Safeguard your organisation against corruption with adequate procedures
Corruption, as defined by Transparency International, is the abuse of entrusted power for private gain. With its ability to appear in many forms, such as bribes, nepotism or state captures, corruption erodes trust in government and undermines the social contract.
Based on the corruption trend in Malaysia over the period from 2013 to 2018 cited in the National Anti-Corruption Plan (NACP), the public sector has been the most vulnerable to corruption – the public sector displayed a vulnerability rate of 63.30% as compared to 17.06% in the private sector.
The National Anti-Corruption Plan (NACP) and the MACC Amendment Act 2018
Making inroads in the fight against corruption is no easy feat. In an effort to address these problematic areas, Malaysia has taken a firm stand in combating corruption with the launch of the National Anti-Corruption Plan (NACP) to integrate all aspects of governance, integrity and anti-corruption, as well as the amendment of the Malaysian Anti-Corruption Commission (MACC) Act 2009.
Under the 2018 amendment, Section 17A of the MACC Act 2009 on corruption offences by commercial organisations took effect on the 1st of June 2020.
Being one of the strongest anti-corruption laws in the world, Section 17A of the MACC Act 2009 – also termed as corporate liability provision – cascades liability onto commercial organisations.
In other words, the commercial organisation will be deemed to have committed the offence if a person associated with the commercial organisation (such as employees, Board members, agents, service providers) commits an offence of giving or offering a bribe (an outbound bribery) in the course of obtaining business or gaining an advantage for the commercial organisation.
This section becomes a major challenge to the directors, controllers, officers or partners of the commercial organisation as they will be deemed to have committed the offence as well.
As outlined in the official guide to developing Adequate Procedures issued by the National Centre for Governance, Integrity and Anti-Corruption (GIACC), the aim of this provision is to foster the growth of a business environment free of corruption and to encourage all commercial organisations to take appropriate measures to prevent the participation in corruption activities in their day-to-day business.
Upon conviction, the penalty under the corporate liability provision is a fine of not less than 10 times the value of the bribe or RM1 million, whichever is higher, or imprisonment for up to 20 years.
Commercial organisations can raise their defences, protect their organisation and employees against corporate liability by implementing the Adequate Procedures.
Adequate Procedures are the necessary procedures put in place to prevent an organisation’s employees and associated individuals from assuming corrupt behaviour in relation to its business activities.
As issued by the GIACC, Adequate Procedures are guided by five primary principles:
- Top level commitment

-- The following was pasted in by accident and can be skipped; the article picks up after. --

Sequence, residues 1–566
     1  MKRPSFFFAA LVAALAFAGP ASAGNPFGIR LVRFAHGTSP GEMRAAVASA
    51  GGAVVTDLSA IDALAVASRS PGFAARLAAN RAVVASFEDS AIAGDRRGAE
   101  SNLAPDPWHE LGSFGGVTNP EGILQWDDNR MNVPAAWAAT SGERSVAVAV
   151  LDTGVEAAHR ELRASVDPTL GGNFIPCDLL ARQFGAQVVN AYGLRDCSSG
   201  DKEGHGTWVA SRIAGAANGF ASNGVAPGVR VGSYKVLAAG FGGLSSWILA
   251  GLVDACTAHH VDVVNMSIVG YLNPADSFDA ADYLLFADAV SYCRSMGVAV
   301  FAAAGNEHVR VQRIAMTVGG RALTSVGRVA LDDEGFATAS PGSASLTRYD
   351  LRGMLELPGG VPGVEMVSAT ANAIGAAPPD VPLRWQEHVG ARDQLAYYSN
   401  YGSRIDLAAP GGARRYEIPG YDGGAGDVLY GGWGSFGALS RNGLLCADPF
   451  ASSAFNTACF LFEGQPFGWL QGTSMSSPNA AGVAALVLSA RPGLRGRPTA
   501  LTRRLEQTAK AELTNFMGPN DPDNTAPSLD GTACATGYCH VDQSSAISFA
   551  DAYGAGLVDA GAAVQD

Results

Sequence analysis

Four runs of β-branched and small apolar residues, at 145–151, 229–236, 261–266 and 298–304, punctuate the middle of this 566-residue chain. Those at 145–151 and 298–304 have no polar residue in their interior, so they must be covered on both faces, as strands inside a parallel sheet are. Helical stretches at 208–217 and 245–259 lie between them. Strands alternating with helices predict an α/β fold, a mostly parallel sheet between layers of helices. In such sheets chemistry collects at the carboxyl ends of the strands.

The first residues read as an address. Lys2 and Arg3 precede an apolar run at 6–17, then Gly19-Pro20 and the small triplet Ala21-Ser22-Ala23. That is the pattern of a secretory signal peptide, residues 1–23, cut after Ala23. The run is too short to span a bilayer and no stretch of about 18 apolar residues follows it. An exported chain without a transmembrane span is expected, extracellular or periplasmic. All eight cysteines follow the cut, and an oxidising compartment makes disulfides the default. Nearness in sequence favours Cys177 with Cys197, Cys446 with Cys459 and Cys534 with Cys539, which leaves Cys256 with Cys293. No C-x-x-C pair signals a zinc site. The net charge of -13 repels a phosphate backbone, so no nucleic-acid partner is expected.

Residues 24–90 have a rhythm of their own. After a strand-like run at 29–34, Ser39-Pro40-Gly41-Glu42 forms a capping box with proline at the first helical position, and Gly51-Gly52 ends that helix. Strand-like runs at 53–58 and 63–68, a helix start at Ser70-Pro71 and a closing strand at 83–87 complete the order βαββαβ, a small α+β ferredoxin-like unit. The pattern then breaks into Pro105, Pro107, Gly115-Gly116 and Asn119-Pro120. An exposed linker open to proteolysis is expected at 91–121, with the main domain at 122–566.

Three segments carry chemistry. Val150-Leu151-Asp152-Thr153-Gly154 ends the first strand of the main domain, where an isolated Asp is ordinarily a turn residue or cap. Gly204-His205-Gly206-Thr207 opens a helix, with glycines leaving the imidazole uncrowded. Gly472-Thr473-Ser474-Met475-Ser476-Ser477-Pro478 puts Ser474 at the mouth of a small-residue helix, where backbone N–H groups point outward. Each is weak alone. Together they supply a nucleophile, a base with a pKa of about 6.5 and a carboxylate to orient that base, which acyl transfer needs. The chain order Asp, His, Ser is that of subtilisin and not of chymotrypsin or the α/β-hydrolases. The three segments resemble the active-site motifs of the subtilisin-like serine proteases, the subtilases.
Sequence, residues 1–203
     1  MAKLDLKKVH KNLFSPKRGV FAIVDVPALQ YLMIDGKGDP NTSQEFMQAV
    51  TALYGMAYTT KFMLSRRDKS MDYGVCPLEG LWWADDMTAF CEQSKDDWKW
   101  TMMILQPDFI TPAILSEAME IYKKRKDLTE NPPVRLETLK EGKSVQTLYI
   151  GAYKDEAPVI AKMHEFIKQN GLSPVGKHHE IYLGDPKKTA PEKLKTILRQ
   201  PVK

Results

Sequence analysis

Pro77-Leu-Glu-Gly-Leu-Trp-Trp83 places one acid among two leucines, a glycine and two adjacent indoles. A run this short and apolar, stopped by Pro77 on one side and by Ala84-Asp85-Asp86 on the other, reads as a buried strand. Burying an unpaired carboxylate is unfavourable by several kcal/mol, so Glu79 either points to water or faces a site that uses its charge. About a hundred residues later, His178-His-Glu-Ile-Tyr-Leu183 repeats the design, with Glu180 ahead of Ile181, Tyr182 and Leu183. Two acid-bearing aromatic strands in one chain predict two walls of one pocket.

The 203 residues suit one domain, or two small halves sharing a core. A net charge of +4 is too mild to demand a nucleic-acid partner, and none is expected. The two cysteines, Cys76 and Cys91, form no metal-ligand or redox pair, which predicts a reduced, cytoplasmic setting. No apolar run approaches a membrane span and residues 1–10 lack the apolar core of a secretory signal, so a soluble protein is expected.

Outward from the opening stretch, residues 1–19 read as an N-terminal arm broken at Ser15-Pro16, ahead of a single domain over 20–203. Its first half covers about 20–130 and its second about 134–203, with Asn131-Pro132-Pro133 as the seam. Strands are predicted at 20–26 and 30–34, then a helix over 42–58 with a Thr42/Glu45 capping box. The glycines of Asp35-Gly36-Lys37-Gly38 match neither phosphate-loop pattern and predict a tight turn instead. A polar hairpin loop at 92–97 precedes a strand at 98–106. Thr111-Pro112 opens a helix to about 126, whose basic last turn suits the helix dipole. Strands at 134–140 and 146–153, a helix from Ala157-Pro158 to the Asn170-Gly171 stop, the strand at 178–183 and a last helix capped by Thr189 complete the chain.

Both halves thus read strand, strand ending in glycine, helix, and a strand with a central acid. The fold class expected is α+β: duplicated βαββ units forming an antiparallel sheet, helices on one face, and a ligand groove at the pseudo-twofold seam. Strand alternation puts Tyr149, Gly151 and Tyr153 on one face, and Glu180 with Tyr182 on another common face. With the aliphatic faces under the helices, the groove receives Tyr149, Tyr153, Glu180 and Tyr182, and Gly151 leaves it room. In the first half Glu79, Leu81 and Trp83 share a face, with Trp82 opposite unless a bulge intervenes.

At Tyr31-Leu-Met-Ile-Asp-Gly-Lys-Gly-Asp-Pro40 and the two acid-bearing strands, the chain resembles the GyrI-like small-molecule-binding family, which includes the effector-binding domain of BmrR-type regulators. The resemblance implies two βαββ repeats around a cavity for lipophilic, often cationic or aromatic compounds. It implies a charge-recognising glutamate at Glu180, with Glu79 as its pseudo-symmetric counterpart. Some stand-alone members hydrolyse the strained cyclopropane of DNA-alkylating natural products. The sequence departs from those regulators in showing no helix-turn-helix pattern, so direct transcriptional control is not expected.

- Risk assessment
- Undertake control measures
- Systematic review, monitoring and enforcement
- Training and communication
Why should I adopt Adequate Procedures for my company?
By the 1st of June 2020, all commercial organisations in Malaysia must have implemented the Adequate Procedures based on the principles of T.R.U.S.T., yet many organisations remain in the dark about the risks ahead.
Apart from protecting your company from the clutches of corruption, the Adequate Procedures help your top management and the organisation gain confidence with an appropriate defence against liabilities under the corporate liability provision.
With guidance in managing third-party interactions in business conduct, the Adequate Procedures keep your business safe as you go on to achieve strategic objectives.
More importantly, Adequate Procedures protect the board and the management of the company, as the corporate liability provision establishes a two-fold liability on the organisation and the personnel.
As outlined in the Adequate Procedures Guidelines, if a corruption incident should occur, it will be up to the courts to decide whether the commercial organisation truly established the necessary safeguards that would have prevented the offence from happening in the first place. Additionally, the judiciary is likely to consider the circumstances of the case, including your organisation’s policies and procedures and the manner of implementation.
The Adequate Procedures, along with implementation efforts go a long way in safeguarding your company against corruption risks that impact levels of integrity, and consequently on your business.
Even now, especially as we are still trapped, combating the COVID-19 pandemic, efforts are still needed to protect your organisation. Whatever the time and effort to establish groundwork – it will be worth it.
References and Resources
National Centre for Governance, Integrity and Anti-Corruption (GIACC). (2018). Guidelines on Adequate Procedures. Pursuant to subsection (5) of Section 17A under the Malaysian Anti-Corruption Commission Act 2009. GIACC. https://giacc.jpm.gov.my/garis-panduan-tatacara/
National Anti-Corruption Plan 2019-2023. (2019). Prime Minister’s Office of Malaysia. Retrieved from https://www.pmo.gov.my/2019/07/national-anti-corruption-plan/
What is corruption? (2021). Transparency International. Retrieved from https://www.transparency.org/en/what-is-corruption
Section 17A Of MACC Act 2009 (Amendment 2018) Comes Into Force Today [PRESS RELEASE]. (2020). Malaysian Anti-Corruption Commission. Retrieved from https://www.sprm.gov.my/index.php?page_id=105&contentid=539&language=en
“GARIS PANDUAN TATACARA MENCUKUPI”, Pusat Governans, Integriti dan Anti-Rasuah Nasional (GIACC). Retrieved from https://giacc.jpm.gov.my/garis-panduan-tatacara/